Soil Restoration Vital To Climate Change Mitigation
A soil scientist at The Ohio State University, earned the 2019 Japan Prize, considered one of the most prestigious honors in science and technology.
Rattan Lal is the first Ohio State scientist and the first soil scientist to ever receive the prize. He is Distinguished University Professor of Soil Science at the College of Food, Agricultural, and Environmental Sciences (CFAES).
The Japan Prize recognizes scientists and engineers from around the world for original and outstanding achievements that “not only contribute to the advancement of science and technology, but also promote peace and prosperity for all mankind,” a spokesperson for the Japan Prize Foundation said.
“Lal globally documented and promoted the concept of soil organic carbon management and sequestration as critical to achieving food and nutritional security, and adaptation and mitigation of climate change,” the announcement from the foundation said. “The soil management approach proposed by Prof. Lal of sequestering atmospheric carbon dioxide using crops has numerous co-benefits, such as improved water quality and renewability, increased soil biodiversity, reduced risks of soil degradation and land desertification, and increased use-efficiency of agricultural inputs”.
The Japan Prize winners are picked from a highly competitive field of 15,000 applications that are submitted by February of each year and then considered by the foundation from March to November.
Lal was honored for his research on sustainable soil management and its role in improving global food security and mitigating climate change.
Global food security is a growing issue because Earth’s population is expected to increase to near 10 billion people by 2050. Climate change is a concern because of its harmful effects, which include warming temperatures, melting glaciers, rising sea levels, and weather extremes, experts say.
The selection process for the Japan Prize is highly competitive, with about 15,000 nominees vying for two awards every year, the foundation said. Polymer scientist Yoshio Okamoto of Japan’s Nagoya University also received the award this year.
Lal is a faculty member in CFAES’ School of Environment and Natural Resources (SENR), where he conducts research on topics such as soil processes, soil degradation, and sustainable management of soil and water. He works both in Ohio and internationally. Soil degradation, a worldwide problem, includes a wide range of issues such as wind and water erosion, declines in soil fertility, organic matter loss, and contamination by chemicals.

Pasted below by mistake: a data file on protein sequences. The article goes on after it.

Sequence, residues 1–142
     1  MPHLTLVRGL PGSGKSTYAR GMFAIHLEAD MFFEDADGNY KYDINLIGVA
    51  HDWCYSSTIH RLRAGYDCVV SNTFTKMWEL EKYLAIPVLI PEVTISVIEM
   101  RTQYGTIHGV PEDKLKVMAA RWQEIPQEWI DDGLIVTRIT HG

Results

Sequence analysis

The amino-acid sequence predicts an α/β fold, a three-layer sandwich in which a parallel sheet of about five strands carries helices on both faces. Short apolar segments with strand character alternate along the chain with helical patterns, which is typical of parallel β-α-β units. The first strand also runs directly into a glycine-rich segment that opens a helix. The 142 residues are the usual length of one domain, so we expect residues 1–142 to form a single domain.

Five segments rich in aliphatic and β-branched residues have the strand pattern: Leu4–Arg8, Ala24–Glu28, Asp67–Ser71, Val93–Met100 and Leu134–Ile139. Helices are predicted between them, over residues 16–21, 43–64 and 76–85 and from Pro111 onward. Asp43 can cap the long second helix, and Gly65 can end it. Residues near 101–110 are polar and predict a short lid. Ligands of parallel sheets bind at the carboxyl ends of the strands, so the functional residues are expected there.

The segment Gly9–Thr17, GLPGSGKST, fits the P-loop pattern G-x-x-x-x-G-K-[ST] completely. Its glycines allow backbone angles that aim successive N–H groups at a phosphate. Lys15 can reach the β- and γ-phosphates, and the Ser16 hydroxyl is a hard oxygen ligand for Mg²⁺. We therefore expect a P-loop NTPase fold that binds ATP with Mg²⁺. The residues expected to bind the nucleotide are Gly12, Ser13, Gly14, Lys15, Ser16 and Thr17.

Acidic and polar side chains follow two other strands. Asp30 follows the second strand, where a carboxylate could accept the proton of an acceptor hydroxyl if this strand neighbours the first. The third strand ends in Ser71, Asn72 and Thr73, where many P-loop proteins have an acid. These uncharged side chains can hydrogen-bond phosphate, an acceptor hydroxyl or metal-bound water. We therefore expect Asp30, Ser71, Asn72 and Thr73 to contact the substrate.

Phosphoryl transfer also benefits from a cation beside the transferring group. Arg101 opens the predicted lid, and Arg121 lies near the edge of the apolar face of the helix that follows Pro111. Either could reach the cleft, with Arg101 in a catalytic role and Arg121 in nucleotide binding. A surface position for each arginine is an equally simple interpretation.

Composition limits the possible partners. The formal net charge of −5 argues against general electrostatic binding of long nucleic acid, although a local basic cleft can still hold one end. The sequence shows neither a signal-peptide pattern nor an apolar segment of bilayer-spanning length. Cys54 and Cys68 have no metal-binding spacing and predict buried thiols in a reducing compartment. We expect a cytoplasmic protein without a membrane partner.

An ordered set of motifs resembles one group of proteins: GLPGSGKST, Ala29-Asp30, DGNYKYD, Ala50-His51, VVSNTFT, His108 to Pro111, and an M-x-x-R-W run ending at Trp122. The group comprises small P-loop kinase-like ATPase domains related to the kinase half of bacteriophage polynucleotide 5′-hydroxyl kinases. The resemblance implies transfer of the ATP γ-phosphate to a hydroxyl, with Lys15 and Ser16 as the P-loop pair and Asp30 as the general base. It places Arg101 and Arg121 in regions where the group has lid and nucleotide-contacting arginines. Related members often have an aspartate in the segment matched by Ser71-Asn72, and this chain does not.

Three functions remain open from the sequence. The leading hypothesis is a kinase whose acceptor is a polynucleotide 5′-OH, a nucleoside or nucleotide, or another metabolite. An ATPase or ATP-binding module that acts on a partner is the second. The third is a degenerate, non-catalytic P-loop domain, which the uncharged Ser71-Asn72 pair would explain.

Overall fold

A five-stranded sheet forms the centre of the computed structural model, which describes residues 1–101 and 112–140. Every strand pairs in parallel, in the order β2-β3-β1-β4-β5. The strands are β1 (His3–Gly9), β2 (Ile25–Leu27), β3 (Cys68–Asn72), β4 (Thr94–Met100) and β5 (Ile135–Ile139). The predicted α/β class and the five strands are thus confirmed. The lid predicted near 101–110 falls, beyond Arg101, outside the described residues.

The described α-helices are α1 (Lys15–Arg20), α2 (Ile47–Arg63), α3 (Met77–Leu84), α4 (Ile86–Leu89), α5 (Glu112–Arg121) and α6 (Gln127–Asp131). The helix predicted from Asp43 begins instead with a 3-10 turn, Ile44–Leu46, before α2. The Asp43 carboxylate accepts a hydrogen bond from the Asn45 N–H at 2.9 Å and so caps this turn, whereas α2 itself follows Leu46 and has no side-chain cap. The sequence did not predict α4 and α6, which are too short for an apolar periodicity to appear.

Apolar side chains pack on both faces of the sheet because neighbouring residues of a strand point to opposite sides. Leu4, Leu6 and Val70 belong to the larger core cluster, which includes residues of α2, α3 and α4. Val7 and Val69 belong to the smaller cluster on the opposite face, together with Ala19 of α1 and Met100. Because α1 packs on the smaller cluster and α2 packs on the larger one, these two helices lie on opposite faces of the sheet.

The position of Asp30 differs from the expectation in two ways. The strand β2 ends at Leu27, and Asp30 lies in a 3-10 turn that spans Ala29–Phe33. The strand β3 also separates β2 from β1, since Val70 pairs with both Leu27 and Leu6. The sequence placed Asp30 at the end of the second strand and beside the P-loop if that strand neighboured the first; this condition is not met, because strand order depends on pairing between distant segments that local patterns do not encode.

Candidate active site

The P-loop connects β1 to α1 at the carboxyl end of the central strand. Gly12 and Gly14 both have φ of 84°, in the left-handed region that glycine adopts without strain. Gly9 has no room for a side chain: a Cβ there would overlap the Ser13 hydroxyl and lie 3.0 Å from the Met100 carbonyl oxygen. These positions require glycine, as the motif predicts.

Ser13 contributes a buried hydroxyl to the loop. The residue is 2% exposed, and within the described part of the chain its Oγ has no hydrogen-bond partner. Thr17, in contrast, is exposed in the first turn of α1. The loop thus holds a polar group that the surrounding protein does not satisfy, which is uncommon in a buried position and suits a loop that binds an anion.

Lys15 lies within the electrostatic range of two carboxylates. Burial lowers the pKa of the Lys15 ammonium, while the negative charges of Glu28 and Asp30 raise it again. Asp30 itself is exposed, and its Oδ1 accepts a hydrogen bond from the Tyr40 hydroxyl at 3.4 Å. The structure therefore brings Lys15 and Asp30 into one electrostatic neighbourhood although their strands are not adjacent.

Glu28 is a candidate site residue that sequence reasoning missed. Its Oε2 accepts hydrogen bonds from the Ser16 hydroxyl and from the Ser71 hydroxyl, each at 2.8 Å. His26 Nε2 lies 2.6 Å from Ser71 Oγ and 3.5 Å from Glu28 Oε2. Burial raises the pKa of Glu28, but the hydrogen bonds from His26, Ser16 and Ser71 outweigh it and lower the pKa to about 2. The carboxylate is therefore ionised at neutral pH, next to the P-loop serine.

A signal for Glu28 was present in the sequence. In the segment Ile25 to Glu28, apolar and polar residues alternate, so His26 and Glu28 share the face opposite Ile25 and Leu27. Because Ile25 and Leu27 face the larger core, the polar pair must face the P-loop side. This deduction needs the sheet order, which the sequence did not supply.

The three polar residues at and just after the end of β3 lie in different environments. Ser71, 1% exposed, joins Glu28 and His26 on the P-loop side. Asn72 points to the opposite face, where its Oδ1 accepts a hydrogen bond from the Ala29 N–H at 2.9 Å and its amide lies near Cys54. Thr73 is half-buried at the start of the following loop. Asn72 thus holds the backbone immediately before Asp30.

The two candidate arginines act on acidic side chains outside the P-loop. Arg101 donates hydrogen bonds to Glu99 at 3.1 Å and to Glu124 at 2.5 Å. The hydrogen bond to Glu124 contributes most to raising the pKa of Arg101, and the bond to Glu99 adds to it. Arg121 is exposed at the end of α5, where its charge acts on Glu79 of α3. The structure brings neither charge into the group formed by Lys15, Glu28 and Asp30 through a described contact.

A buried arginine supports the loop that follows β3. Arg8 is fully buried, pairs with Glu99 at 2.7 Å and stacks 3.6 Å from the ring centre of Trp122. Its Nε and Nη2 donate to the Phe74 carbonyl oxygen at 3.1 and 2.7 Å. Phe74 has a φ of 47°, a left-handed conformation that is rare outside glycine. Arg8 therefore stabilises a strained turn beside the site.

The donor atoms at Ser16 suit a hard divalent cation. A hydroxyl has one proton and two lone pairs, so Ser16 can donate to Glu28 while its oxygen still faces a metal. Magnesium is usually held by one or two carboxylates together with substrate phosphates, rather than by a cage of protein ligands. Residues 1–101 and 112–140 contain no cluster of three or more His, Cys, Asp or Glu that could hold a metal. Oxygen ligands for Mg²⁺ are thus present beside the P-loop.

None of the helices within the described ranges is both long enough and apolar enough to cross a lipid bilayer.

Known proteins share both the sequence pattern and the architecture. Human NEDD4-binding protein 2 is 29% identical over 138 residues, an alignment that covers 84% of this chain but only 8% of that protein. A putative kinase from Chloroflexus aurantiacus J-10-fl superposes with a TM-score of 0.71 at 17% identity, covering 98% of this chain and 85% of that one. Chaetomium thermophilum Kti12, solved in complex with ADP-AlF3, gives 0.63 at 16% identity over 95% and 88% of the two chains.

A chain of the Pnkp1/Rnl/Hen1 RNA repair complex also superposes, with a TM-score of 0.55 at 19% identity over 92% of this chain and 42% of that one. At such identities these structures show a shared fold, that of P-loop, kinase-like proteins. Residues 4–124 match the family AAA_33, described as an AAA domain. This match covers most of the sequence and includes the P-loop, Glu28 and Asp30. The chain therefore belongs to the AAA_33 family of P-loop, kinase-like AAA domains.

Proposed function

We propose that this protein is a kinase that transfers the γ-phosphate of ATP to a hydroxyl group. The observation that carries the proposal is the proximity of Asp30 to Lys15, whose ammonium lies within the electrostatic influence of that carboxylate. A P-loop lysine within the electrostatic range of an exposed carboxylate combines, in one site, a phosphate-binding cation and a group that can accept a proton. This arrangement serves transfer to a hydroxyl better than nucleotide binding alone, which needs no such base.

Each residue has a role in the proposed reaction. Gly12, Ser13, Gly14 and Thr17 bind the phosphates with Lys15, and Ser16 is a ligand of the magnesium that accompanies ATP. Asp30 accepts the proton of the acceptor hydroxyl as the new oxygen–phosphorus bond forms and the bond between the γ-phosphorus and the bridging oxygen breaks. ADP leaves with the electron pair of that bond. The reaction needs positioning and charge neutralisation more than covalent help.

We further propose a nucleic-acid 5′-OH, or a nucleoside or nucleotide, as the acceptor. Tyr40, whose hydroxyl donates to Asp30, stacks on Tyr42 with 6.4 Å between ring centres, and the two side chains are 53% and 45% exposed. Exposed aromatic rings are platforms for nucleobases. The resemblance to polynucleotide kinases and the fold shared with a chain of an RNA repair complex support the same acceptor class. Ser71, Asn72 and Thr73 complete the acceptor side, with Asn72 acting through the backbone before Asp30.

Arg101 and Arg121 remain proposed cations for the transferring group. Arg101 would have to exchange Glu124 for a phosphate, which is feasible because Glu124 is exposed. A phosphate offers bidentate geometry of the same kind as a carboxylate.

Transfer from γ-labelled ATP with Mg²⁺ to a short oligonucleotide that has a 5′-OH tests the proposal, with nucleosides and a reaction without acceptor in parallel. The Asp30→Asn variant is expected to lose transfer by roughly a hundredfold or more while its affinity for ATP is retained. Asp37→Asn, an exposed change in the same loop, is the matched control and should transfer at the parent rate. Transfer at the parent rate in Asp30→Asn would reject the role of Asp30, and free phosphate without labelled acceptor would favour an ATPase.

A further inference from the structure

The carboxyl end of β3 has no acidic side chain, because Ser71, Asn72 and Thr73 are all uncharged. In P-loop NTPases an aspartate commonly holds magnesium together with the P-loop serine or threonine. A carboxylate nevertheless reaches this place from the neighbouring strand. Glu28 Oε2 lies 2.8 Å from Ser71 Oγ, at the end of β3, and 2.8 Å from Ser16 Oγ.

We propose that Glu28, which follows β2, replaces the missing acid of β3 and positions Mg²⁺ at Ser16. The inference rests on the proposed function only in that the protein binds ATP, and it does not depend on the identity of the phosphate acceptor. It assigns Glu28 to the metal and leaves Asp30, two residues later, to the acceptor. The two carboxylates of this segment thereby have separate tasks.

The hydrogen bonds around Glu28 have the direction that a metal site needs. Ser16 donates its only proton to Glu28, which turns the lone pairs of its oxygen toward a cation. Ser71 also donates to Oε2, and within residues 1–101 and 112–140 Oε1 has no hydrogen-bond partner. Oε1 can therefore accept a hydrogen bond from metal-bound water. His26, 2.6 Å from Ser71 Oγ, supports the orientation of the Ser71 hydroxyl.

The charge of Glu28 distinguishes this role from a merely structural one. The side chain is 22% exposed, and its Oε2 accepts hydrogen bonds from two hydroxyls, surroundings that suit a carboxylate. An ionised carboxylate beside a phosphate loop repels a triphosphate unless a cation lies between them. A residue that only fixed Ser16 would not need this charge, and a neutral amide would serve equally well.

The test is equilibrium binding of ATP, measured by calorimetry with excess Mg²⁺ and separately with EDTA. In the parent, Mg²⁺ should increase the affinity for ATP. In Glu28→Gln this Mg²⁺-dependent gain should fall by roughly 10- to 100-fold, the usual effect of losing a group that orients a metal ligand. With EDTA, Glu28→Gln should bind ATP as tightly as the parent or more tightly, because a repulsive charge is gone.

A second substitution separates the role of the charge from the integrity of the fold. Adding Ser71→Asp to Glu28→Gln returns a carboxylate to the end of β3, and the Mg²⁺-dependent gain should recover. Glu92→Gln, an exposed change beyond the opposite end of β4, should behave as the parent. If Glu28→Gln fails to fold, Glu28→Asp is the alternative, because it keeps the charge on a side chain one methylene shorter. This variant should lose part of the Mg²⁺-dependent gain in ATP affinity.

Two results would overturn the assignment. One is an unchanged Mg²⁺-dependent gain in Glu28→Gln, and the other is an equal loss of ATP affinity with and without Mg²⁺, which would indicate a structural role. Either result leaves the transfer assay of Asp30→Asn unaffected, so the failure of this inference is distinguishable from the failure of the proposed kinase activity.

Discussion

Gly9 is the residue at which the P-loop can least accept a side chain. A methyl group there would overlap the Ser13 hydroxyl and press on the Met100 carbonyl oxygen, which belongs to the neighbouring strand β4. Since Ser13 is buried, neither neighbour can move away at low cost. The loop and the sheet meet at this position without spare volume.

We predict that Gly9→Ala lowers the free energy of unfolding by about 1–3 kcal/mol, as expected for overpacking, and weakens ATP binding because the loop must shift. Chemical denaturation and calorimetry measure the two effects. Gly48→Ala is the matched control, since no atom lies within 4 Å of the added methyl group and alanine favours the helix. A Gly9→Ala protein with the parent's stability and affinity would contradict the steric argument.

Lal also is the founder and director of SENR’s Carbon Management and Sequestration Center and is the past president of the 60,000-member International Union of Soil Sciences. He was born in Punjab, India (now part of Pakistan), and first came to Ohio State in 1968 to work on his PhD in soils.
“The Ohio State University is proud that Professor Rattan Lal has been awarded the Japan Prize. As one of the world’s preeminent soil scientists, Professor Lal’s research and insights will continue to have a profound and enduring impact on global food security in the decades to come,” said Bruce A. McPheron, Ohio State’s executive vice president and provost.
“Those of us at the College of Food, Agricultural, and Environmental Sciences are enormously proud of our colleague, Dr. Rattan Lal, and his incredible achievements. He is a distinguished scientist, with a prolific research portfolio, but he considers his primary contributions to be the many graduate students who have worked in his lab,” said Cathann A. Kress, Ohio State’s vice president for agricultural administration and dean of CFAES.
“His story is one of perseverance, dedication, and humility—culminating in the recognition of Dr. Lal as one of the most influential scientists in the world,” Kress said.
In announcing the award, the Japan Prize Foundation cited Lal’s pioneering research on no-tillage agriculture—a way to grow crops from year to year without disturbing the soil by tilling—and on methods to sequester, or lock up, carbon dioxide in the soil, such as by planting cover crops and spreading compost. Sequestering carbon dioxide removes it from the atmosphere, a plus in the fight against climate change. The amount of carbon dioxide in the atmosphere, which has continued to hit record high levels, is a primary cause of climate change.
Taken together, the issues of sustainable soil management, global food security, and mitigating climate change “truly sum up my career,” Lal said. “I have a strong commitment to these ideas, and I am so glad that they are mentioned in the award.”
Lal said the prize is “recognition of the importance of these themes and supports the concept that soil management and agriculture are solutions to the global issues of the 21st century.”
He added that the honor “emphasizes the importance of the farming profession and is a tribute to farmers for their role as stewards of our natural resources and environment.”
Lal and Okamoto will be honored in a ceremony on April 8 in Tokyo, whose thousand-plus attendees will include Japan’s Emperor Akihito, Empress Michiko, and Prime Minister Shinzo Abe. Lal and Okamoto will give lectures and participate in academic discussions during the ceremony week.
The prize carries with it a cash award of $450,000, which Lal plans to donate to an endowment supporting staffing at the Carbon Management and Sequestration Center.
Lal also recently received the Glinka World Soil Prize from the U.N. Food and Agriculture Organization and the World Agriculture Prize from the Global Confederation of Higher Education Associations for Agricultural and Life Sciences. He plans to donate the prizes’ cash awards to the carbon center as well.